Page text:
Representative for Children and Youth, News Release, October 9, 2014– The provincial government must step up its commitment to helping British Columbia’s most vulnerable children and youth by following through on recommendations, Representative Mary Ellen Turpel-Lafond said today as she released her Office’s latest report.
Not Fully Invested: A Follow-up Report on the Representative’s Past Recommendations to Help Vulnerable Children in B.C. shows that while 72 per cent of the Office’s recommendations between 2008 and 2013 have been acted upon, a number of the most important ones have been ignored. Those unfulfilled include key recommendations made by the Representative to the B.C. government as a whole to improve the lives of Aboriginal children, those living in situations of poverty and domestic violence and those in need of mental health services.
“It’s very disappointing, because these recommendations are the ones that require the greatest leadership and commitment from the provincial government and they have been largely ignored,” Turpel-Lafond said. “Considering that the well-being of our most vulnerable children and youth is at stake, I expect more from government and I think most British Columbians do as well.”
The Representative’s Office, an independent expert oversight body, made a total of 148 recommendations during the course of releasing 22 reports between 2008 and 2013. This report, the first to track progress made toward fulfilling cumulative recommendations made by the Office, shows that 72 per cent of the total recommendations have been substantially or fully implemented. Generally, recommendations made to public bodies – predominantly to the Ministry of Children and Family Development (MCFD) – to address policy, standards, procedures and compliance, have been implemented.
However, of the nine recommendations made to the B.C. government as a whole – the ones requiring the greatest cross-ministry involvement and organization – seven have been largely disregarded. Among these is a call for a provincial strategy and action plan to address child poverty, a call to establish a Minister of State for Mental Health to provide the necessary leadership and accountability on this file, a call for a strong and well-resourced provincial domestic violence plan and the establishment of domestic violence courts in B.C., and a call for a viable strategy to ensure that Aboriginal children and families receive equal supports and services to their non-Aboriginal counterparts.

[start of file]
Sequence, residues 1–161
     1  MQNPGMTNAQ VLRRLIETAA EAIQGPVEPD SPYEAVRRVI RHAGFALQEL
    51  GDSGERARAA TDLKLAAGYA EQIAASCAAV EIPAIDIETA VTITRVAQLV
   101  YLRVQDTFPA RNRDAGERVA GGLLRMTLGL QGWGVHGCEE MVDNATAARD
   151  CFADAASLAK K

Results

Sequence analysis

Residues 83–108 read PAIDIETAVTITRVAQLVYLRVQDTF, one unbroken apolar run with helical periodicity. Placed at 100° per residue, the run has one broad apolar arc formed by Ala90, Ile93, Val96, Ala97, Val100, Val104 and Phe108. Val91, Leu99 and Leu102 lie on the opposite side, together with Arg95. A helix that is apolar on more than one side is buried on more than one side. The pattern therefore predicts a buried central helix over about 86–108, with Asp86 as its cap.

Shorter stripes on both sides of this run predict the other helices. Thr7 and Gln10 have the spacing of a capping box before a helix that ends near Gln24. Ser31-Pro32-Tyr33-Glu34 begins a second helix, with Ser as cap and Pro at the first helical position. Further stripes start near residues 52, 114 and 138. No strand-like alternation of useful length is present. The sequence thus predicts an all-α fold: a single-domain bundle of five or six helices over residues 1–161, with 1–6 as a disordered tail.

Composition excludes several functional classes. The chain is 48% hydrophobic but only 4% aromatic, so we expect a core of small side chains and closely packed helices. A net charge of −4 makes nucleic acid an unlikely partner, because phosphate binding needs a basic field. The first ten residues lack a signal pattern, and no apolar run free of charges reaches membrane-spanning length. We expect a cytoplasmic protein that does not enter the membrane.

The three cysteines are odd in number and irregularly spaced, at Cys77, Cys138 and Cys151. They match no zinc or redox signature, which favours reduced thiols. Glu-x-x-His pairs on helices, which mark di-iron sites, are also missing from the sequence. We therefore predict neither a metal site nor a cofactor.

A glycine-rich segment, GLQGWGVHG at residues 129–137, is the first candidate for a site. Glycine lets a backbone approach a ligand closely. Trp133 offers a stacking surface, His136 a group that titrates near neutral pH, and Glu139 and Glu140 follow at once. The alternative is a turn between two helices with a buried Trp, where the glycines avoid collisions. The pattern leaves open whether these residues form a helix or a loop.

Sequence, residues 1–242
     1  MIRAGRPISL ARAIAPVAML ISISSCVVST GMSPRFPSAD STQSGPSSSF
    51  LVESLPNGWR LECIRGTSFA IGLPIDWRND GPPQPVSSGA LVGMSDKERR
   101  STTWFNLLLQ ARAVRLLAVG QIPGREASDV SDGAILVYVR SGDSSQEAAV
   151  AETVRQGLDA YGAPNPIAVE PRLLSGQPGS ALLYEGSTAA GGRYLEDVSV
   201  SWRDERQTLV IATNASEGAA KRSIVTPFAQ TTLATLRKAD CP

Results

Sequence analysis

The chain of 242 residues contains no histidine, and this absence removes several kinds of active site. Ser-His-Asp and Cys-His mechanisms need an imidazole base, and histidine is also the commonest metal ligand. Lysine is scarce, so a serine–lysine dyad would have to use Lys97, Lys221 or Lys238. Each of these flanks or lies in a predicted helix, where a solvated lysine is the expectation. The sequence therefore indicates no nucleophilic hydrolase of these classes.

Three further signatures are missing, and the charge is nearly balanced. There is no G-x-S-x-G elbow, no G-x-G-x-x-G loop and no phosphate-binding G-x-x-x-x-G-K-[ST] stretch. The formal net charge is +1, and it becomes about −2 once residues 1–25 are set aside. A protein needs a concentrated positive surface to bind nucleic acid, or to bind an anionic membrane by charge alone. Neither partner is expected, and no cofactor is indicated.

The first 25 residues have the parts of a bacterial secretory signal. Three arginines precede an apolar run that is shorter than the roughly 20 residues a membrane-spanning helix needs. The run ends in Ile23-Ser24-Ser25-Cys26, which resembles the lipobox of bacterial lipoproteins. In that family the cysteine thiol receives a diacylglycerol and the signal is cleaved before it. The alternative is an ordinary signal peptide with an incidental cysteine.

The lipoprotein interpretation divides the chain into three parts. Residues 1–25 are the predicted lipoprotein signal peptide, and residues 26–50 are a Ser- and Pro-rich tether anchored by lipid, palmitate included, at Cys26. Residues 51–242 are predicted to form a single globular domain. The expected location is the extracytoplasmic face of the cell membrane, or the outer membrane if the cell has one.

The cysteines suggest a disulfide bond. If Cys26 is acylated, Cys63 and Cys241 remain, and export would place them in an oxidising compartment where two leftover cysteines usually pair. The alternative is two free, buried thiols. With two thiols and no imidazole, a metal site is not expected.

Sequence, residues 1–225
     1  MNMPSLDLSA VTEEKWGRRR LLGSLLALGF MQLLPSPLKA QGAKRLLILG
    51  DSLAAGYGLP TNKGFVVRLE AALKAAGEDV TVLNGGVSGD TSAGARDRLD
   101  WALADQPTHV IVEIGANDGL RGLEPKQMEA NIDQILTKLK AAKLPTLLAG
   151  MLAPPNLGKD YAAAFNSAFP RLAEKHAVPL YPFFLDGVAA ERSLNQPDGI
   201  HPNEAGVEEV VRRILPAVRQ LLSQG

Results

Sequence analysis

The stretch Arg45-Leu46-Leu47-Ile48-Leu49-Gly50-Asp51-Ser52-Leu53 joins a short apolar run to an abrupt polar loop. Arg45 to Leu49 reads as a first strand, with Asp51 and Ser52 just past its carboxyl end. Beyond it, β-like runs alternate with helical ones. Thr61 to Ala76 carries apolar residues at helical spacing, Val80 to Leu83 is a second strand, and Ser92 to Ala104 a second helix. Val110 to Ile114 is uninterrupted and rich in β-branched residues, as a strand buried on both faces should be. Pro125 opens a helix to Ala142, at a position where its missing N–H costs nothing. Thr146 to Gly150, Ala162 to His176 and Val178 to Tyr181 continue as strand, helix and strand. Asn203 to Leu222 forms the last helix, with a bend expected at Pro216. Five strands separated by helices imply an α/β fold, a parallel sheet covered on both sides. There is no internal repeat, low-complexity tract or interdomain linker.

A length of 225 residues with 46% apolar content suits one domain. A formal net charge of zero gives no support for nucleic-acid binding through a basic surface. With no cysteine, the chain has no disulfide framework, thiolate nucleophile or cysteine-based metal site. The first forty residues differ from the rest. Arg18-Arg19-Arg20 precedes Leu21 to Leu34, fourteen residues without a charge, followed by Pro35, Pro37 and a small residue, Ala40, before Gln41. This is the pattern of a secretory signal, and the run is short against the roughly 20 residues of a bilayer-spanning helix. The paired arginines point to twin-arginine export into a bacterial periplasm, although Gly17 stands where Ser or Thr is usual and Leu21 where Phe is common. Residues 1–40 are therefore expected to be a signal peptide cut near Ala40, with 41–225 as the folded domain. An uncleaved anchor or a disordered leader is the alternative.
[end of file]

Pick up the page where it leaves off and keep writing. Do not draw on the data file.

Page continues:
Many of the Representative’s recommendations have focused on strengthening quality assurance and outcomes reporting by MCFD. However, this report also finds that MCFD’s ability to measure its own performance and publicly report on whether it is achieving results has remained inconsistent and inadequate – yet another sign of a gap in government leadership in this area.
The Representative notes that during the time period these recommendations were made, MCFD’s annual budget was reduced by $100 million in real dollars when inflation is taken into account. Sufficient investment in children and families is important in both a financial and a leadership sense.
“We do not make these recommendations lightly. Each of our reports requires months and sometimes years of research, file reviews, data analysis, interviews with workers in the field and interviews with family members and young people,” Turpel-Lafond said. “While the government is not compelled by legislation to follow our recommendations, to do so shows commitment and makes good sense.
“It is clear that the Province does not yet have a plan that focuses on children across government, nor any comprehensive, focused and accountable approach to ensure that the next generation will be able to reach their full potential. Considering what is at stake, government can and should do better.”